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The Ehlers-Danlos syndrome, a disorder with many faces

Anne De Paepe (UGent) and Fransiska Malfait (UGent)
(2012) CLINICAL GENETICS. 82(1). p.1-11
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Abstract
The EhlersDanlos syndromes (EDSs) comprise a heterogeneous group of diseases, characterized by fragility of the soft connective tissues and widespread manifestations in skin, ligaments, joints, blood vessels and internal organs. The clinical spectrum varies from mild skin and joint hyperlaxity to severe physical disability and life-threatening vascular complications. The current Villefranche classification recognizes six subtypes, most of which are linked to mutations in genes encoding fibrillar collagens or enzymes involved in post-translational modification of these proteins. Mutations in type V and type III collagen cause classic or vascular EDS respectively, while mutations involving the processing of type I collagen are involved in the kyphoscoliosis, arthrochalasis and dermatosparaxis type of EDS. Establishing the correct EDS subtype has important implications for genetic counseling and management and is supported by specific biochemical and molecular investigations. Over the last years, several new EDS variants have been characterized which call for a refinement of the Villefranche classification. Moreover, the study of these diseases has brought new insights into the molecular pathogenesis of EDS by implicating genetic defects in the biosynthesis of other extracellular matrix (ECM) molecules, such as proteoglycans and tenascin-X, or genetic defects in molecules involved in intracellular trafficking, secretion and assembly of ECM proteins.
Keywords
collagen, arterial fragility, Ehlers, Danlos syndrome, joint hyperlaxity, molecular pathogenesis, natural history, wound healing, BRITTLE CORNEA SYNDROME, SYNDROME TYPE-IV, CONNECTIVE-TISSUE, COL5A1 GENE, TENASCIN-X, MOLECULAR-MECHANISM, HYPERMOBILITY TYPE, VI COLLAGEN, MUTATIONS, FORM

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Citation

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Chicago
De Paepe, Anne, and Fransiska Malfait. 2012. “The Ehlers-Danlos Syndrome, a Disorder with Many Faces.” Clinical Genetics 82 (1): 1–11.
APA
De Paepe, Anne, & Malfait, F. (2012). The Ehlers-Danlos syndrome, a disorder with many faces. CLINICAL GENETICS, 82(1), 1–11.
Vancouver
1.
De Paepe A, Malfait F. The Ehlers-Danlos syndrome, a disorder with many faces. CLINICAL GENETICS. 2012;82(1):1–11.
MLA
De Paepe, Anne, and Fransiska Malfait. “The Ehlers-Danlos Syndrome, a Disorder with Many Faces.” CLINICAL GENETICS 82.1 (2012): 1–11. Print.
@article{2973053,
  abstract     = {The EhlersDanlos syndromes (EDSs) comprise a heterogeneous group of diseases, characterized by fragility of the soft connective tissues and widespread manifestations in skin, ligaments, joints, blood vessels and internal organs. The clinical spectrum varies from mild skin and joint hyperlaxity to severe physical disability and life-threatening vascular complications. The current Villefranche classification recognizes six subtypes, most of which are linked to mutations in genes encoding fibrillar collagens or enzymes involved in post-translational modification of these proteins. Mutations in type V and type III collagen cause classic or vascular EDS respectively, while mutations involving the processing of type I collagen are involved in the kyphoscoliosis, arthrochalasis and dermatosparaxis type of EDS. Establishing the correct EDS subtype has important implications for genetic counseling and management and is supported by specific biochemical and molecular investigations. Over the last years, several new EDS variants have been characterized which call for a refinement of the Villefranche classification. Moreover, the study of these diseases has brought new insights into the molecular pathogenesis of EDS by implicating genetic defects in the biosynthesis of other extracellular matrix (ECM) molecules, such as proteoglycans and tenascin-X, or genetic defects in molecules involved in intracellular trafficking, secretion and assembly of ECM proteins.},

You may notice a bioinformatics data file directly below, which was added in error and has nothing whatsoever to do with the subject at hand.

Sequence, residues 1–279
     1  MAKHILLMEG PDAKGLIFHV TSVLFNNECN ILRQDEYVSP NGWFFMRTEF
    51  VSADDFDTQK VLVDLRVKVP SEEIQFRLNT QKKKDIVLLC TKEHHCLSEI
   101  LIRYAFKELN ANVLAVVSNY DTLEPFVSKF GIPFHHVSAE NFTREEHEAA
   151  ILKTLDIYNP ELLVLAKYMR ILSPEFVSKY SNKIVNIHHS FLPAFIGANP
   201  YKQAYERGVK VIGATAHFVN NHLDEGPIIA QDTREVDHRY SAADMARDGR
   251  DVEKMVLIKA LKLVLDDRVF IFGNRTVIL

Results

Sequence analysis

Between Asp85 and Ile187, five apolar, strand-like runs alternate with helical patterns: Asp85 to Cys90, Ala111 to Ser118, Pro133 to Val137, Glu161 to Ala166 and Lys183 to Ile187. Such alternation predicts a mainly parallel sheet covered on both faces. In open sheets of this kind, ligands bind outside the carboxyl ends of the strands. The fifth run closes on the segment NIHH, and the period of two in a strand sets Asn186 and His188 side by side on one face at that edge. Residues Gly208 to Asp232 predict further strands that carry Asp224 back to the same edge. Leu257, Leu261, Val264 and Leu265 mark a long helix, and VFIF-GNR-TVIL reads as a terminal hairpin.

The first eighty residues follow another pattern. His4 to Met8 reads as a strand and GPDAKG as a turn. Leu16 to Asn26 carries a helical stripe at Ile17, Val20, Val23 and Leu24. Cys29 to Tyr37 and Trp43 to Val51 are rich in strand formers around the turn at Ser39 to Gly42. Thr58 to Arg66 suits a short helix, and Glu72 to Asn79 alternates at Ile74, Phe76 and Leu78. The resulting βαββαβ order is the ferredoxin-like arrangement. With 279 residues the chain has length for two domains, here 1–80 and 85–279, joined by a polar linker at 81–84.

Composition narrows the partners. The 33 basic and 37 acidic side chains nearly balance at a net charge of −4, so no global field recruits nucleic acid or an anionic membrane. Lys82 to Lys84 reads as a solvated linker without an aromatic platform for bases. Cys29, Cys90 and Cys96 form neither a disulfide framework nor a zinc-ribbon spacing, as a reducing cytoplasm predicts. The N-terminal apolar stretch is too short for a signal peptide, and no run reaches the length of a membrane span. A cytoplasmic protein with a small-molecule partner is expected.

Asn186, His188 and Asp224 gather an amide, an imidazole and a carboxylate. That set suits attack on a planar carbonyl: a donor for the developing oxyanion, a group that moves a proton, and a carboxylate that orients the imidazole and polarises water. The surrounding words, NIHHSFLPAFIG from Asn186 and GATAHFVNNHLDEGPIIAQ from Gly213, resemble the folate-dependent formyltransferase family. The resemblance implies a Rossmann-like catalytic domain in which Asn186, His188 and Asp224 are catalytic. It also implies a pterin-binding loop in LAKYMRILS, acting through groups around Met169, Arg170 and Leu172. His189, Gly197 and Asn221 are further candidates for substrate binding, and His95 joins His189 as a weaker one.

author       = {De Paepe, Anne and Malfait, Fransiska},
  issn         = {0009-9163},
  journal      = {CLINICAL GENETICS},
  keywords     = {collagen,arterial fragility,Ehlers,Danlos syndrome,joint hyperlaxity,molecular pathogenesis,natural history,wound healing,BRITTLE CORNEA SYNDROME,SYNDROME TYPE-IV,CONNECTIVE-TISSUE,COL5A1 GENE,TENASCIN-X,MOLECULAR-MECHANISM,HYPERMOBILITY TYPE,VI COLLAGEN,MUTATIONS,FORM},
  language     = {eng},
  number       = {1},
  pages        = {1--11},
  title        = {The Ehlers-Danlos syndrome, a disorder with many faces},
  url          = {http://dx.doi.org/10.1111/j.1399-0004.2012.01858.x},
  volume       = {82},
  year         = {2012},
}

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